Skip to content

The Changing Link Between Economic Growth and Jobs

ten dollar bill

It’s a relationship that economists and policymakers have long perceived as a given: Gross Domestic Product and the unemployment rate tend to move in unison. So during recessions, people lose their jobs, and once output turns around, hiring picks back up. This is known as Okun’s Law, named for economist Arthur Okun, who identified this relationship in the 1960’s.

But in a fascinating presentation, our Polina Vlasenko shows how this relationship is beginning to change, as evidenced by the phenomenon of the post-Great-Recession “jobless recovery.” Or, to be more precise, “a dramatically slower growth in jobs,” said Vlasenko, who is a senior research fellow at AIER.

Between the end of World War II and 1985, we saw a big recovery in GDP in the first year following each of the eight recessions that occurred during this period, she said. But in the recoveries that followed the three recessions since 1985, including the Great Recession, Americans have been a lot slower to find new jobs, she said. It took 77 months after the end of the Great Recession to return to the number of jobs that existed before the recession, she said.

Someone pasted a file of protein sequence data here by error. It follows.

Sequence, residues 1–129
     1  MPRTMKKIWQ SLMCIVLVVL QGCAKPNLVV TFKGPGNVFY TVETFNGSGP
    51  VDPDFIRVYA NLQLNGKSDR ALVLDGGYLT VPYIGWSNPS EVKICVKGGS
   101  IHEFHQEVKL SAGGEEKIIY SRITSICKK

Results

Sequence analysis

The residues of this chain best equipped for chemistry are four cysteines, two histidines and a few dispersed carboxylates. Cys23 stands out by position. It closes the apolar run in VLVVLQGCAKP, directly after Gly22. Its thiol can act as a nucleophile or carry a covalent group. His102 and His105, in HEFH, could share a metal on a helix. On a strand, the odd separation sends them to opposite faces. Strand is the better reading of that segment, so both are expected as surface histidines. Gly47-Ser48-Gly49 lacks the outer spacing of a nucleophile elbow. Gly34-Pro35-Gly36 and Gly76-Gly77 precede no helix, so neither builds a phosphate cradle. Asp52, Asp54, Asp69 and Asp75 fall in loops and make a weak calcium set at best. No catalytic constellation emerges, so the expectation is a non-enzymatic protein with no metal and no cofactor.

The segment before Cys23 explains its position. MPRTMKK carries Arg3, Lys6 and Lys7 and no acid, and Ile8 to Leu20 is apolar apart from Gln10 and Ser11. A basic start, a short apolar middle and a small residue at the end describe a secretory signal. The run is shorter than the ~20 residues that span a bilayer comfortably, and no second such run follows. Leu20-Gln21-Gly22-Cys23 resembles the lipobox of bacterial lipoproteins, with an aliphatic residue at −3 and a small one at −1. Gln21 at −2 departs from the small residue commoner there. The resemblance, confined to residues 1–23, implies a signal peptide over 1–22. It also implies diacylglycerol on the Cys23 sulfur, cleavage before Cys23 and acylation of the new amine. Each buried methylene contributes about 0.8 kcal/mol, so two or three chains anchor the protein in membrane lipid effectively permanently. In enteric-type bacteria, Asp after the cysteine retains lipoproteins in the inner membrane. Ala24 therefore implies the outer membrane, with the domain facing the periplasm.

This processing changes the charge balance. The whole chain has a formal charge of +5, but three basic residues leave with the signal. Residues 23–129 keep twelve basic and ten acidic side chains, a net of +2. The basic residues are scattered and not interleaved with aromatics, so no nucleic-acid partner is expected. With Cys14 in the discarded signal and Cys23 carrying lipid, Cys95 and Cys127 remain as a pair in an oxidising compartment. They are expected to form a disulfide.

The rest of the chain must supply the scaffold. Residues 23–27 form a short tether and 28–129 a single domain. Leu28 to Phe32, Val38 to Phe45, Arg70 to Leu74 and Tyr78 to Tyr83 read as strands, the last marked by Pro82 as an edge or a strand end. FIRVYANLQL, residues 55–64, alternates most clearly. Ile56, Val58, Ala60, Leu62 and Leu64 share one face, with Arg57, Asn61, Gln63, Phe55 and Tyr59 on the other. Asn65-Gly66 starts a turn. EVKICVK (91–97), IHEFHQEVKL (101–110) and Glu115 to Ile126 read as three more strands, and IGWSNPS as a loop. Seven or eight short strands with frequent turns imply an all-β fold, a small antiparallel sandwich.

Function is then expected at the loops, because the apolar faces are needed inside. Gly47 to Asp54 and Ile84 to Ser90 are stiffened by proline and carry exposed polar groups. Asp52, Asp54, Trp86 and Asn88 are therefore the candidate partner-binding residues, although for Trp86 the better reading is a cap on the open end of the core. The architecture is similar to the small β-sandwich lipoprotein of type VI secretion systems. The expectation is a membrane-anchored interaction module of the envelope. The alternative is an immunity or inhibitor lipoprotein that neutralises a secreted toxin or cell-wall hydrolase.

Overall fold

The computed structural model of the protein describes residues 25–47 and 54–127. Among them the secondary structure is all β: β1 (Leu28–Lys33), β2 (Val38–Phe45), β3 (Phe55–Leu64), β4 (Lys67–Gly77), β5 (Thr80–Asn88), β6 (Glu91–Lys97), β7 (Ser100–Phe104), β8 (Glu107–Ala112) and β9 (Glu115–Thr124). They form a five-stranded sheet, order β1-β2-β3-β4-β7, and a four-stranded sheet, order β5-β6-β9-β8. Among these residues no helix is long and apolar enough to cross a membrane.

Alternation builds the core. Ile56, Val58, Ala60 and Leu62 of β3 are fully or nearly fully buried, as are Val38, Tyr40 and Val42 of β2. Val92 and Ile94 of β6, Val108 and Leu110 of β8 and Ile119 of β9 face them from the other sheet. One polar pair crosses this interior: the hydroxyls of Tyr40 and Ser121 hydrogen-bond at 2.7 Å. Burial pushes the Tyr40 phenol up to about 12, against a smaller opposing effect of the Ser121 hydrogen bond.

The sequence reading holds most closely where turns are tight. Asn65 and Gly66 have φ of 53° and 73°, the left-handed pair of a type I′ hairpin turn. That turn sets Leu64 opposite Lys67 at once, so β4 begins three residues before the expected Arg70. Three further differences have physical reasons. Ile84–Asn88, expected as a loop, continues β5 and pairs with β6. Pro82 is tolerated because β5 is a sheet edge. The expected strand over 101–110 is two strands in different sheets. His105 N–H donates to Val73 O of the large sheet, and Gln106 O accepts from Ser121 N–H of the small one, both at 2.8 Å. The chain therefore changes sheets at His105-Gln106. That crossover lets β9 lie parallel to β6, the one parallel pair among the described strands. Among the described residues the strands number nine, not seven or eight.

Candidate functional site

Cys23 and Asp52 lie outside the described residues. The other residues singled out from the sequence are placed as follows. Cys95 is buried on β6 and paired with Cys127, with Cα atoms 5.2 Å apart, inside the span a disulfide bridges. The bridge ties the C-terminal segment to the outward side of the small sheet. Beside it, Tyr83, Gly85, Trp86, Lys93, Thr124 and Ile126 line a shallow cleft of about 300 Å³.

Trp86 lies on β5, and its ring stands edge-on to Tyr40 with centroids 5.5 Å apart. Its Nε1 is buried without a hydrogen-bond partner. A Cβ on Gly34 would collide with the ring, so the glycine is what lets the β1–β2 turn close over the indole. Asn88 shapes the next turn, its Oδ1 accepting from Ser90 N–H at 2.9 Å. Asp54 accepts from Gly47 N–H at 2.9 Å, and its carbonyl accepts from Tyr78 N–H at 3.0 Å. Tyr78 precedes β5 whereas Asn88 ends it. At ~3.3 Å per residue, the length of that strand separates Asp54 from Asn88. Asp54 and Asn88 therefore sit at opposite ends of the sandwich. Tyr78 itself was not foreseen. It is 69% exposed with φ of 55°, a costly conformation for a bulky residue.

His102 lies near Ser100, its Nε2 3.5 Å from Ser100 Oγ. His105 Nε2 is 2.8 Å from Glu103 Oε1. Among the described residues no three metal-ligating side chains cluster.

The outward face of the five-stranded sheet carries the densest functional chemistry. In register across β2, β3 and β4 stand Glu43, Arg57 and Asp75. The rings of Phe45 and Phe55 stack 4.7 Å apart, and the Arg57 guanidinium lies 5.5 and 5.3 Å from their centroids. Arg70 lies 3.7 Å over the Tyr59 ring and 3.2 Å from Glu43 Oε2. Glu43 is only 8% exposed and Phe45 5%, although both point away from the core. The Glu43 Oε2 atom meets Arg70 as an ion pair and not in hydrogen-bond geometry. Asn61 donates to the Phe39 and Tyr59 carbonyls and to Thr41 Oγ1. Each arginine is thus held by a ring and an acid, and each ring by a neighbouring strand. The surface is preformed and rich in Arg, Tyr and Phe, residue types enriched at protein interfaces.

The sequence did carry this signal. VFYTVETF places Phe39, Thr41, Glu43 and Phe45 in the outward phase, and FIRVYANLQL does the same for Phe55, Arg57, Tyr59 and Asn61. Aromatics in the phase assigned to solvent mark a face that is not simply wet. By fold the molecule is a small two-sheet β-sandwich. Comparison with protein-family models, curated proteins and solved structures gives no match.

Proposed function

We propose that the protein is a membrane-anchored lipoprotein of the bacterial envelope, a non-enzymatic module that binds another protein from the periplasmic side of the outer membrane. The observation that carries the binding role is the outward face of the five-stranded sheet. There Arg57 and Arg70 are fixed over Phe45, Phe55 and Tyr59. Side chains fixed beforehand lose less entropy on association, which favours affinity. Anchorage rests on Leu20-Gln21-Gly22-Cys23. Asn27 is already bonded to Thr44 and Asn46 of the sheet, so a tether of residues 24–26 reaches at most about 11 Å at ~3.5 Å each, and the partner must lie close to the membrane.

“When GDP falls in a recession, we really lose a lot of jobs,” perhaps because of structural changes in the economy, like the housing bust, she said. And now, when expansion returns, “We don’t make up everything we lost. We just go back to the previous trend and chug along.”

In the last decade, employers have been quicker to hire and fire based on short-term changes in economic conditions, she said.

Vlasenko’s lecture was the first presentation as part of our Summer Speaker Series, which is open the public at our headquarters in Great Barrington, Massachusetts. You can see a video of the entire presentation here. And you can view the list of upcoming lectures here.

Click here to sign up for the Daily Economy weekly digest!

No comments yet

Leave a Reply

Fill in your details below or click an icon to log in:

WordPress.com Logo

You are commenting using your WordPress.com account. Log Out / Change )

Twitter picture

You are commenting using your Twitter account. Log Out / Change )

Facebook photo

You are commenting using your Facebook account. Log Out / Change )

Google+ photo

You are commenting using your Google+ account. Log Out / Change )

Connecting to %s

%d bloggers like this: